There are several online sources that can speed up research into these details that law enforcement should leverage.
Sites like Cyber Background Checks, FamilyTreeNow and Spokeo can assist with finding people and their family members, looking up addresses and even performing reverse phone number searches. The information available from these sources is based on public documents provided by the state and local court websites under the Freedom of Information Act, and can serve as a one-stop-shop when trying to locate someone or get a quick background check on them.
Several commercial services like Accurint, Intelius and Pipl can also help investigators find people, uncover real owners behind anonymous sites and email addresses, and verify identities and affiliations.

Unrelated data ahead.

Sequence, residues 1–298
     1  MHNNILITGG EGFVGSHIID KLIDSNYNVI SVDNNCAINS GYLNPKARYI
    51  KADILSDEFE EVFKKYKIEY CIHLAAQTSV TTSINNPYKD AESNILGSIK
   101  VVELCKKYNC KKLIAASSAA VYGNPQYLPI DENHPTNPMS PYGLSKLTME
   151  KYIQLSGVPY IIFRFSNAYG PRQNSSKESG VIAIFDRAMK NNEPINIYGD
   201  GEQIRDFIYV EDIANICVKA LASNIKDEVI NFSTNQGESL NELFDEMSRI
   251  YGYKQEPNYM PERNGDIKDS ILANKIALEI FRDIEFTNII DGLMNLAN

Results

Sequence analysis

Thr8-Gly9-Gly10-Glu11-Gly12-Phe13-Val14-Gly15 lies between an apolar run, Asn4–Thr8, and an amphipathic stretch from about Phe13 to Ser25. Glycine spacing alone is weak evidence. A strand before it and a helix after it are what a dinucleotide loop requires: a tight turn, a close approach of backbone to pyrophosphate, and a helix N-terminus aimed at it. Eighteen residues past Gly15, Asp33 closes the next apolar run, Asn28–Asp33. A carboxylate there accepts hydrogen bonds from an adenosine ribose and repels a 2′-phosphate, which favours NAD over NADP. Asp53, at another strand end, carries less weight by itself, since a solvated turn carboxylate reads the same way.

And to keep a close eye on someone’s social media activity, investigators can use services like Social Searcher or Social Bearing to monitor for specific keywords, locations, hashtags or website mentions and compile analytical reports.
Within individual social media sites, you can also use advanced profile search features of purpose-built marketing tools, such as Inflact for Instagram.
Many investigators use plug-ins and extensions, like the exchangeable image file format, or exif data viewer, to extract information from images, such as when and where a specific image was taken, and on what type of device.
When you come across a picture of a stolen vehicle that a suspect has posted on social media, for example, finding out specific information about an image can help narrow down the suspect’s location and the time they were there, piecing together a chain of events that could help solve a case.